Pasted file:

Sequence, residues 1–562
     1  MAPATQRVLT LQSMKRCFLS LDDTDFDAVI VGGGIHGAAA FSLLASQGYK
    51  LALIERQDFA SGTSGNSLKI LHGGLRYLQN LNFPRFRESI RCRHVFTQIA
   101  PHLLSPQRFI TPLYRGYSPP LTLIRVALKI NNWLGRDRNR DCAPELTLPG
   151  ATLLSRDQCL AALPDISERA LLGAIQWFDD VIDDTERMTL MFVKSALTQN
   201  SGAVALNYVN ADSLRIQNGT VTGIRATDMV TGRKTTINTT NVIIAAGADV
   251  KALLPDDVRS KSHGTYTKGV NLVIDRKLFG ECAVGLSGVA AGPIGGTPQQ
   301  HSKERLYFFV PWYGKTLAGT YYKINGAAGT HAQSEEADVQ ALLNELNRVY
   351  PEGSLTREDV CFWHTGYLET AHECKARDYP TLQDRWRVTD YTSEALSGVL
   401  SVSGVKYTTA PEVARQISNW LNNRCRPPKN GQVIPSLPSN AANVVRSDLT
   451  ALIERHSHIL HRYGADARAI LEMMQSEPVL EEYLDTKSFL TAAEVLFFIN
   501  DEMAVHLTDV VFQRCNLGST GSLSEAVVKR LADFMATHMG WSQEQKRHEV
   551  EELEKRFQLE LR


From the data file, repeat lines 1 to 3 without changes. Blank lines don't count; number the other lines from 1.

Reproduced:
Sequence, residues 1–562
     1  MAPATQRVLT LQSMKRCFLS LDDTDFDAVI VGGGIHGAAA FSLLASQGYK
    51  LALIERQDFA SGTSGNSLKI LHGGLRYLQN LNFPRFRESI RCRHVFTQIA